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Learning at its Best

Metrics and “success”

This is cross-posted from the Disruption Department Blog.


I love information and relationships. I love numbers and how they help me make better decisions. But a sneer comes to my lips each time I say the word “data”.

It’s either because:

  1. I’m not very smart.
  2. I’m a communist.
  3. I reject cliche’s out of hand.
  4. The word represents an artificial division I’ve strove to overcome. 

A quote from an article written by Raph Koster about metrics and Free to Play game design (F2P) really strikes home with regards to reason number 4: 

We have to be honest with ourselves. There is an awful lot of stuff that we have cherished for a long time in the games business which turns out not to work. Sometimes it takes us years to shed the scales from our eyes about the fact that hoary conventions of yore are just that — conventions, mutable and open to change.

Koster has what seems to me a healthy relationship with “data” (info, metrics, whatever). He is able to see the forrest and the trees about numbers, while keeping humanity and perspective in tact.  This has always been the problem for me when discussing data with my colleagues in my building and online.  

He goes on to describe what lies outside the “field of measurement”: “Anything that unfolds over a very long period of time”, “[a]nything that lies in the realm of emotion”, “[a]nything that is a short-term loss for a long-term gain”, and “[a]nything that exists outside of the game proper”.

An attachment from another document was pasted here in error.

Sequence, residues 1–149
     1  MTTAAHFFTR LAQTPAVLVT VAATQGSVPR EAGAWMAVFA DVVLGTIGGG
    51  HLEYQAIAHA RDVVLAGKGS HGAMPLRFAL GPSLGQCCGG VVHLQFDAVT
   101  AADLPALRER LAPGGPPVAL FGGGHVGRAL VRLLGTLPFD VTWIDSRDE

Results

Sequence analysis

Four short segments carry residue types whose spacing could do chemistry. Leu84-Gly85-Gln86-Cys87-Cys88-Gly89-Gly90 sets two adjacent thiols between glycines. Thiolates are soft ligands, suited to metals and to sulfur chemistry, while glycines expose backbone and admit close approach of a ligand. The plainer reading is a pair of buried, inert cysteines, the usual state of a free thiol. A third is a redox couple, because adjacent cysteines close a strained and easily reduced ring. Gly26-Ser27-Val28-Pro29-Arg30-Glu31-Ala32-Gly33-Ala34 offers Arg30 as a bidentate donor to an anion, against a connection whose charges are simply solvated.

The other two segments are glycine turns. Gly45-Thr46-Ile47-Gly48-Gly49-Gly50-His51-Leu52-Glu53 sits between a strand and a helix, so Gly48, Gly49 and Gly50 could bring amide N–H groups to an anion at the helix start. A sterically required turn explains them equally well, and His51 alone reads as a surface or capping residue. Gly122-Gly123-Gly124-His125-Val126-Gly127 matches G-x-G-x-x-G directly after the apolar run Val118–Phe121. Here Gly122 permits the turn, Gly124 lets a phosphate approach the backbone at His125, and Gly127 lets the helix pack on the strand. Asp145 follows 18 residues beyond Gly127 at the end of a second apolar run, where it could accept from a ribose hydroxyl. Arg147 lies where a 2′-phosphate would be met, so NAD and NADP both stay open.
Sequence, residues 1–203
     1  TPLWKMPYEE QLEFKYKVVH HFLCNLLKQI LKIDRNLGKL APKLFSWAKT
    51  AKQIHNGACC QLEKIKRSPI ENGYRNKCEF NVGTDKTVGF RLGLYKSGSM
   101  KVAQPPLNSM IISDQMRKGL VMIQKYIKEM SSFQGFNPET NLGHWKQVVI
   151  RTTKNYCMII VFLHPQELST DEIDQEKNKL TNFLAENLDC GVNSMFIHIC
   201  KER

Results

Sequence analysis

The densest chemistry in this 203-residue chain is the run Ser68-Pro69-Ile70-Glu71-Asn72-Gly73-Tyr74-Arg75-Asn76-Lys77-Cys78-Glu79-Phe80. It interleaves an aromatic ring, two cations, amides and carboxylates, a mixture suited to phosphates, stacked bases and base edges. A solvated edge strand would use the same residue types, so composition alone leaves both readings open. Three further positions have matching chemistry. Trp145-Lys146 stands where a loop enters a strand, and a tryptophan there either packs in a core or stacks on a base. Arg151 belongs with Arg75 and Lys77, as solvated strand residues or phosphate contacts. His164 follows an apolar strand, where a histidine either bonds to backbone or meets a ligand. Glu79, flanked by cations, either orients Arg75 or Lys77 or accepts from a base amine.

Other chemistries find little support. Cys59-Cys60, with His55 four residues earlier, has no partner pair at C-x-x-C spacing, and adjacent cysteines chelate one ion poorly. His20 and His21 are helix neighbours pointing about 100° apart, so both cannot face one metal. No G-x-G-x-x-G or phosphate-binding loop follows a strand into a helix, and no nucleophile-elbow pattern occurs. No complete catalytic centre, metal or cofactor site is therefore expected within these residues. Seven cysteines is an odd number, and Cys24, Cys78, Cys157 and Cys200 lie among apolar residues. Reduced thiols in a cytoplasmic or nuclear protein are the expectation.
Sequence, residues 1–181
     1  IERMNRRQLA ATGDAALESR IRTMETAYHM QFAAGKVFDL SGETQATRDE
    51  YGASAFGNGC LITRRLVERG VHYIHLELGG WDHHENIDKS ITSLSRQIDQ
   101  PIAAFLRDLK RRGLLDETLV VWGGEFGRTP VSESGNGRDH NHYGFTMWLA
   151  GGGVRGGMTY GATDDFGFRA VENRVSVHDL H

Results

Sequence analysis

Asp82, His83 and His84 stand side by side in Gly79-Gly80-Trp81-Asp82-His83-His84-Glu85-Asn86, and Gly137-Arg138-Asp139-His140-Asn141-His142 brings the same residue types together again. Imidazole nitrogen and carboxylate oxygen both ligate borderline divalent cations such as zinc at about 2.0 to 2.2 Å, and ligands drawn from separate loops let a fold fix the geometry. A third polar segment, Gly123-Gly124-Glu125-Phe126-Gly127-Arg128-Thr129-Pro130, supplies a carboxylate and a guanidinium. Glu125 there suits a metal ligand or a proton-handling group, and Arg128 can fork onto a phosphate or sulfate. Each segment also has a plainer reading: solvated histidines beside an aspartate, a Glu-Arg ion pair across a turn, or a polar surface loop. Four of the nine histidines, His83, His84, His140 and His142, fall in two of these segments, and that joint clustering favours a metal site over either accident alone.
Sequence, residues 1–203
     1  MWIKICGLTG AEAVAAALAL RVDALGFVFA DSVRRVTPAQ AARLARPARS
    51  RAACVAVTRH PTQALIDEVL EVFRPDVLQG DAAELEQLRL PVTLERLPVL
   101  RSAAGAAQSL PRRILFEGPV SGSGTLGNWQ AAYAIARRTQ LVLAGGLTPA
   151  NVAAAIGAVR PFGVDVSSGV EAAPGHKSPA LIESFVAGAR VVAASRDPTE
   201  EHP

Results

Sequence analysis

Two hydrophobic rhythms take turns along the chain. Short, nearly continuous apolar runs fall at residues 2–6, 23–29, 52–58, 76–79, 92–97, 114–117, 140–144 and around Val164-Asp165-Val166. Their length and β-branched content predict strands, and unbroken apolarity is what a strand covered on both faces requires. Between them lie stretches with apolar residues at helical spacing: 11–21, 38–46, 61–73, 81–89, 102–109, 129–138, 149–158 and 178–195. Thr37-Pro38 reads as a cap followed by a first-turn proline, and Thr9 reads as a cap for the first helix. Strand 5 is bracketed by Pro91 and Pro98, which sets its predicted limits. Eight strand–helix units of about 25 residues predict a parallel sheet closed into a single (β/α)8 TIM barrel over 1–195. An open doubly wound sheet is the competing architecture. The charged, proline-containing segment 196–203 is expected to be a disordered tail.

He concludes this list with this statement: 

Most critically, measurements are excellent at telling you where to iterate. They are not so good at quantum leaps.

But this has been the problem as of late.  I feel like I’ve been striving for quantum leaps, but missed small iterations.  I feel like I’ve tried too hard to be transformative, but failed to see the smaller steps, the little successes necessary for growth.  I feel like I’ve leapt away from “science” because I felt like it stripped away my humanity, rather than finding a way to use science to support my own humanity and that of my students. 

Koster concludes his post with a bit of advice: 

If you ask me, the best way to make F2P games better would to find ways to provide provable metrics on why the things we value add to the bottom line. Community, artistry, narrative, brand, retention, customer sentiment, whatever your particular religion is — find a way to measure cause and effect and demonstrate the business value.

While we don’t run a busines (I will always cringe when discussing education with most business folks when they draw this analogy), those of us that consider our work transformative to education in some way seek to add value to the “bottom line” (let’s say, grade level expectations and factory-modeled education).  If we are going to take this “long view” emotionally, we must understand the short-view intellectually.  

More human metrics can support this approach, and I solicit stories of your experience with “data” to help round out my own cuddling up to it.



About mrsenorhill

Head of Product @linksdao


4 thoughts on “Metrics and “success”

  1. Five ‘datum’, that in the aggregate do not comprise data:

    1. There are lies, goddamned lies and statistics;